Gow says there's nothing wrong with owning Aryan cows and that their Nazi past isn't their fault: "I don't think there is anything more sinister in owning Heck cattle than there is driving a Volkswagen," he told the Independent, adding too that because of the cows' hardiness, they could some day roam England free.

Not quite the Nazi invasion of England that Hitler was perhaps imagining.

Moreover, despite the shaggy evidence of the existing herd, the Aryan cow plan was in actual fact unsuccessful: While the engineered cows resemble the auroch in shape, genetic testing has shown that the Heck cows are pretty far removed from their supposed ancestors. Just another kooky, half-baked and horrifying plan of the Nazis.


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iStock // Ekaterina Minaeva
Man Buys Two Metric Tons of LEGO Bricks; Sorts Them Via Machine Learning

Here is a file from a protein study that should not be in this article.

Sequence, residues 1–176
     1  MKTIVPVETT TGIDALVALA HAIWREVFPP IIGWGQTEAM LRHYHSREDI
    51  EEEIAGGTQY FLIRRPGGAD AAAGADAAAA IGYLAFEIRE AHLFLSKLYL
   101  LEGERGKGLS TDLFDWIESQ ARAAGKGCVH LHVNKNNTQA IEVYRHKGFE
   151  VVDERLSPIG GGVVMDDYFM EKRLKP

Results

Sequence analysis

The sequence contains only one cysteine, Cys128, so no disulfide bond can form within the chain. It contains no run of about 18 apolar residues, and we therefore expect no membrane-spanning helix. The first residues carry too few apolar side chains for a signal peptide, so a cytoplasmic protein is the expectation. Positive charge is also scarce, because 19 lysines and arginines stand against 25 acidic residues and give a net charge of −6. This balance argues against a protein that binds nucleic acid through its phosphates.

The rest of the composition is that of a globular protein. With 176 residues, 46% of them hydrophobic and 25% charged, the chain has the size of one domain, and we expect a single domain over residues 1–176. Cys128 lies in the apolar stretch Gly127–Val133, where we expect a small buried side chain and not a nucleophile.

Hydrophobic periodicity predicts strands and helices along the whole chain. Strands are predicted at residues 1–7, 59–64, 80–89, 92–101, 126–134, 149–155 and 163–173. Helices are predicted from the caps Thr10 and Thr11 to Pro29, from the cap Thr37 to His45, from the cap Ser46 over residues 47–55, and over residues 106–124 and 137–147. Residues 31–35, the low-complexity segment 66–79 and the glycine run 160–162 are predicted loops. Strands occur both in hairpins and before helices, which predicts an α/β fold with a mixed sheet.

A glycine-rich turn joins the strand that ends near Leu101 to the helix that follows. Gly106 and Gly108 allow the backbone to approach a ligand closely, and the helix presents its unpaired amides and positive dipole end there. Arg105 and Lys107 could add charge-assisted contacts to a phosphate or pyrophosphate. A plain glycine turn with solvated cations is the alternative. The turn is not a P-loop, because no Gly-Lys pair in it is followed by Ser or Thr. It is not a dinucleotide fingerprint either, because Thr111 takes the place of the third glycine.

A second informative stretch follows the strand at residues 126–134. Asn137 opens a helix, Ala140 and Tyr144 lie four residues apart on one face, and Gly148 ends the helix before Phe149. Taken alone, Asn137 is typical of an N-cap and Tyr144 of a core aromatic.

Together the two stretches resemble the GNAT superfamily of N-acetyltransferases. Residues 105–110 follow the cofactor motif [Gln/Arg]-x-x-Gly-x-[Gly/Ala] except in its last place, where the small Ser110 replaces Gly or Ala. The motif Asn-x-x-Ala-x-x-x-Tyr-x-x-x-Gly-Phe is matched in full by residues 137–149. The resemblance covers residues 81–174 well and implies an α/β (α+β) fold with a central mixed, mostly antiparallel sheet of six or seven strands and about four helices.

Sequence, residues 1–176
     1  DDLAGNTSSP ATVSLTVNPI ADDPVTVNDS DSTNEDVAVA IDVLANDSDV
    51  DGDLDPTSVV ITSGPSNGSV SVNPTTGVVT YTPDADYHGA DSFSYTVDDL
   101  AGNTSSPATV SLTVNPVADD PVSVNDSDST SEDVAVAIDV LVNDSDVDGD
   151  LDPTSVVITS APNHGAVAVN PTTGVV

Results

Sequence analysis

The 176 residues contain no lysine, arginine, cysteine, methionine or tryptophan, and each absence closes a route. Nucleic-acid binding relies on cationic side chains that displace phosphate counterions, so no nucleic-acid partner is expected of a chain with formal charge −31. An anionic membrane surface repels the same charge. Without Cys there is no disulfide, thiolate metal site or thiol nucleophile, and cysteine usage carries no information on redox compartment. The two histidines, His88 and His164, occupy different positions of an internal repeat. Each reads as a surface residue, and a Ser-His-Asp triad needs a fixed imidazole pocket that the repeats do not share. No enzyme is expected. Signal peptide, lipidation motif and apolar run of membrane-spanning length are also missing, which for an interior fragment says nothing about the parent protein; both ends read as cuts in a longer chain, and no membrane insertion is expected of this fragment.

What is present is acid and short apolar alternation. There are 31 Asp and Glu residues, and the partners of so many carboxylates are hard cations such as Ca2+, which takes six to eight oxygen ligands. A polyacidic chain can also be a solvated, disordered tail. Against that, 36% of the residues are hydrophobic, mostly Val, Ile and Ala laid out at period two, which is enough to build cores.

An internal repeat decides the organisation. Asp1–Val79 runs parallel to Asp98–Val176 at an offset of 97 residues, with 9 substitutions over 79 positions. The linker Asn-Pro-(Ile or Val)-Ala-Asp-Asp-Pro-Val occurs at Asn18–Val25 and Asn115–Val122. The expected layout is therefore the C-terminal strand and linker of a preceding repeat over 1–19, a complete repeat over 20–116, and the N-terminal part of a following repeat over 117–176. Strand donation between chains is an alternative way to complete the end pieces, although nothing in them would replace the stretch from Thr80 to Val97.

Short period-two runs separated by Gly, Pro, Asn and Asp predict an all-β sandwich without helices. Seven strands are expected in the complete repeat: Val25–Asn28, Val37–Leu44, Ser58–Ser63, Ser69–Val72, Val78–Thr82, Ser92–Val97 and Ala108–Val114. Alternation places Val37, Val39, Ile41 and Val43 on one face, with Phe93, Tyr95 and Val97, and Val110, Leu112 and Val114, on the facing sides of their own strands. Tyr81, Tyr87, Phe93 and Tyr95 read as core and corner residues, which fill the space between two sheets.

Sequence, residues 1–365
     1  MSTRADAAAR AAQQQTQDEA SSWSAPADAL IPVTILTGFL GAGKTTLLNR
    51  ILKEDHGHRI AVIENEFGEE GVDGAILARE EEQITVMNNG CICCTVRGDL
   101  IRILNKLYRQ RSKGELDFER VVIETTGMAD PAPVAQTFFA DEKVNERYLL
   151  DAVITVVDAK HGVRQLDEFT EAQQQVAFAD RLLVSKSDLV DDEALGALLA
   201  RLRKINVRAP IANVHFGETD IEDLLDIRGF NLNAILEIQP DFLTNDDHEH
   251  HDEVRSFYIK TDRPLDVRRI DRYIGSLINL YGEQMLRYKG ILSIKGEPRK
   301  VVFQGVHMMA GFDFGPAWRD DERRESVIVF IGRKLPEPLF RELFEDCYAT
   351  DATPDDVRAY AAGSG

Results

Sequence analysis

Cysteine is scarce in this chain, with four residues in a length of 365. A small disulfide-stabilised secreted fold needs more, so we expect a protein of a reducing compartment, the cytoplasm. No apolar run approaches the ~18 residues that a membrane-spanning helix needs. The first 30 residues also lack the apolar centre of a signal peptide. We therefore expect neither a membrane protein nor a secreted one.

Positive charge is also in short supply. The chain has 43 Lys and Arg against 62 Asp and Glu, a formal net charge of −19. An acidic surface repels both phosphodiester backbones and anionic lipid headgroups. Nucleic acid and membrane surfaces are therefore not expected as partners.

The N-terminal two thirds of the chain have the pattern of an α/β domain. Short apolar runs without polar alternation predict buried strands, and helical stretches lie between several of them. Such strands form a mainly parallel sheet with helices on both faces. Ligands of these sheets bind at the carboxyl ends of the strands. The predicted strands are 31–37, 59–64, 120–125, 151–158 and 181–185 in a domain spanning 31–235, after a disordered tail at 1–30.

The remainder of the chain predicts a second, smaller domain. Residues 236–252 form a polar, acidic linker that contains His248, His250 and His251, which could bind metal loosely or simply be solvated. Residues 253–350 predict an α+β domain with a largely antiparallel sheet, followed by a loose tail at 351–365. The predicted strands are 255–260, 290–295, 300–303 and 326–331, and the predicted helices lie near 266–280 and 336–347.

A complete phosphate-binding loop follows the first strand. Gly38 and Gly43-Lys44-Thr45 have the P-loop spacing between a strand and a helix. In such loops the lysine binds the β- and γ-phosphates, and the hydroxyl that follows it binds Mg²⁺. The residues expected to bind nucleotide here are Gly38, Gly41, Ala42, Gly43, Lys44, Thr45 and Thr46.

May 21, 2017
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iStock // Ekaterina Minaeva

Jacques Mattheij made a small, but awesome, mistake. He went on eBay one evening and bid on a bunch of bulk LEGO brick auctions, then went to sleep. Upon waking, he discovered that he was the high bidder on many, and was now the proud owner of two tons of LEGO bricks. (This is about 4400 pounds.) He wrote, "[L]esson 1: if you win almost all bids you are bidding too high."

Mattheij had noticed that bulk, unsorted bricks sell for something like €10/kilogram, whereas sets are roughly €40/kg and rare parts go for up to €100/kg. Much of the value of the bricks is in their sorting. If he could reduce the entropy of these bins of unsorted bricks, he could make a tidy profit. While many people do this work by hand, the problem is enormous—just the kind of challenge for a computer. Mattheij writes:

There are 38000+ shapes and there are 100+ possible shades of color (you can roughly tell how old someone is by asking them what lego colors they remember from their youth).